The 2017 workers compensation bills have similarities, but are far from identical. It is possible that either chamber could accept the language of the other chamber's bill. In that case the "accepting" chamber would amend its own bill by substituting the language of the other chamber's bill. It is also possible that the two chambers could work with both bills and reach some compromise of language that is acceptable to each. Agreements such as these might take significant discussion and time. 

There are also less comprehensive bills, which have some impact on Florida workers' compensation.

SB 1008 (many bill numbers include "CS," which reflects that the proposal is a "committee substitute" for the originally filed bill; this bill is currently "CS/CS/SB 1008," meaning there have been two significant committee substitutes) would exempt information about injured and deceased workers from Florida public record laws. This bill was last acted upon April 28, and is on the Senate's special order calendar for May 1, 2017. SB 1008 applies specifically to information submitted to the Department of Financial Services (Division of Workers' Compensation).

There is a similar public records bill in the House, HB 1107 (which is also the second CS). The impact of the HB is broader. It applies to information submitted to the Division, as addressed in SB 1008, but also to information submitted to the Agency for Health Care Administration and the Division of Administrative Hearings (Office of Judges of Compensation Claims). The House passed HB 1107 unanimously and it was sent to the Senate in messages on April 25, 2017. The Senate has referred the bill to Senate committees for consideration. UPDATE May 1, 2017 - the Senate withdrew the bill from the assigned committees and substituted the HB 1107 for SB 1008. HB 1107 is scheduled for a Senate vote this week. Update May 2, 2017 - the Senate passed this bill unanimously.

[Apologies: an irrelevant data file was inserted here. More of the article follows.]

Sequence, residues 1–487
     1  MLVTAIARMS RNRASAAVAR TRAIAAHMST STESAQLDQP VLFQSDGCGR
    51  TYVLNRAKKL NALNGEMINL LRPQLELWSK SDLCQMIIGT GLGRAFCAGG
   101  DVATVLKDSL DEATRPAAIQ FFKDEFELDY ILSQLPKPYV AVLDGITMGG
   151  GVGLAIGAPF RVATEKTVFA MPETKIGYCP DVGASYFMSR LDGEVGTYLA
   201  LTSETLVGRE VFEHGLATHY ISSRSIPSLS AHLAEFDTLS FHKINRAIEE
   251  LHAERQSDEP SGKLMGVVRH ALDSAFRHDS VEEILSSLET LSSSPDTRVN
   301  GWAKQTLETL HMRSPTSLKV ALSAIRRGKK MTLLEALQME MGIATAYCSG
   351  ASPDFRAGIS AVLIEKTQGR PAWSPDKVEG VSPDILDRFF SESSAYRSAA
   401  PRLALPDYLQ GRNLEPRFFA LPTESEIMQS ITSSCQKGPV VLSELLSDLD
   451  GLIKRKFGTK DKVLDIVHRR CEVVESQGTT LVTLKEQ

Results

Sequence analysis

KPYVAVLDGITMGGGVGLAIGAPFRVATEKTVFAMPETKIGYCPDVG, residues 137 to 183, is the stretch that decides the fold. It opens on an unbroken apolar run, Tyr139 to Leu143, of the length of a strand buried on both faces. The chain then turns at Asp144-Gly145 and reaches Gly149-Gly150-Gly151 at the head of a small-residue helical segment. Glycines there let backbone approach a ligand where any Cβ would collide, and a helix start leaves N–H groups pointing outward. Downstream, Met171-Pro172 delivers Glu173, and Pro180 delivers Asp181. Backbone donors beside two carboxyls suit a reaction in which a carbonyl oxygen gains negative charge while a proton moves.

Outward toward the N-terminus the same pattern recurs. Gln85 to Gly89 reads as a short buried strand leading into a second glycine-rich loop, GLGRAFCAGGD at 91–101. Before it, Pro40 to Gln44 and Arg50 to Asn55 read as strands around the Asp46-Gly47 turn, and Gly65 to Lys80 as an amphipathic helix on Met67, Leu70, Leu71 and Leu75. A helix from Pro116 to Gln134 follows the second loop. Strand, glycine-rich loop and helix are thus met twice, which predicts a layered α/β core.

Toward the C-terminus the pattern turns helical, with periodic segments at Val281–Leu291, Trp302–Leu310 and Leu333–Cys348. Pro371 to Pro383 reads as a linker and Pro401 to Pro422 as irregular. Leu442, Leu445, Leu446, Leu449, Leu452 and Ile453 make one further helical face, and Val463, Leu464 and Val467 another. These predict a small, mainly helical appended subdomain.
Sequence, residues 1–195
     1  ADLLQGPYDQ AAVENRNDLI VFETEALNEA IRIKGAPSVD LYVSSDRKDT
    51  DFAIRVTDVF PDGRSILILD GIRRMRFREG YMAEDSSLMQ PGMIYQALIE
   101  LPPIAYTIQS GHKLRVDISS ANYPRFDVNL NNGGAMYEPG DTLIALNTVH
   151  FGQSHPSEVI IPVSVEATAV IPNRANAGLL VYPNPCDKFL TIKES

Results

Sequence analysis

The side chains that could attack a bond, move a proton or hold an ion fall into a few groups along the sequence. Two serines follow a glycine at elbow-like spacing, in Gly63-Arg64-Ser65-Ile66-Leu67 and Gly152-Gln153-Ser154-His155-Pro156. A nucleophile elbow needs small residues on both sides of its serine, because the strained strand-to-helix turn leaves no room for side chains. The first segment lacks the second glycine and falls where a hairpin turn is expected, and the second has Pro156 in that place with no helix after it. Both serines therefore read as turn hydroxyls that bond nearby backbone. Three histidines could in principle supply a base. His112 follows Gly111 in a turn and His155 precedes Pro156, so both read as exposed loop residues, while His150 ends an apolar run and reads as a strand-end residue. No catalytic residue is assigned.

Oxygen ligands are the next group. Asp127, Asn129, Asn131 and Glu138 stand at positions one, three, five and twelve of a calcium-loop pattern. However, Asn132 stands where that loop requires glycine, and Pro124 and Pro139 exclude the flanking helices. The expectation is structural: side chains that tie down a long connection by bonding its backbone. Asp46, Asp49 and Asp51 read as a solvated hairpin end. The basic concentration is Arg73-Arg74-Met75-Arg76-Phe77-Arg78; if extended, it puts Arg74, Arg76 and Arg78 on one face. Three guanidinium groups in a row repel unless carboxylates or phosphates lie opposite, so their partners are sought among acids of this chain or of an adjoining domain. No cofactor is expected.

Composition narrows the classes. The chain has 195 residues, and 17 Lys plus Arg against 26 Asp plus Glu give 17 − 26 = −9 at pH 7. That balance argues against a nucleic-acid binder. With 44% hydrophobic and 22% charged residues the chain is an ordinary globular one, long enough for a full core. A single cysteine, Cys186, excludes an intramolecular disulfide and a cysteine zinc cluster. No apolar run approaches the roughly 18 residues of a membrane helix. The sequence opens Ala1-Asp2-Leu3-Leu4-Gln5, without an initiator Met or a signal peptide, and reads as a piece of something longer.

Thus, the two public record bills are also not identical. Therefore, for changes in workers' compensation and public records to reach the Governor this year, compromise between the chambers would be required. 

HB 1007 is not per se a workers' compensation bill. however, it would require all insurance carriers to address fraud. Some predict that it could receive a final House vote this week. Whether the Senate will act upon it in the final days of session is a matter of discussion. The House bill has similarities with SB 1012, which is set for a Senate vote this week. 

Time will tell whether the week of May 1, 2017 brings action on these proposals. It is worth noting that a great many bills are filed each year. Few successfully travel through the committee process and reach the floor of either chamber. Fewer still pass both chambers and are presented to the Governor. And, whether to veto such a passed bill is up to the Governor. The path from bill to law is is challenging, sometimes difficult to understand, and often time-consuming. With only a few days left in the 2017 Session, many will be watching these and other bills of interest.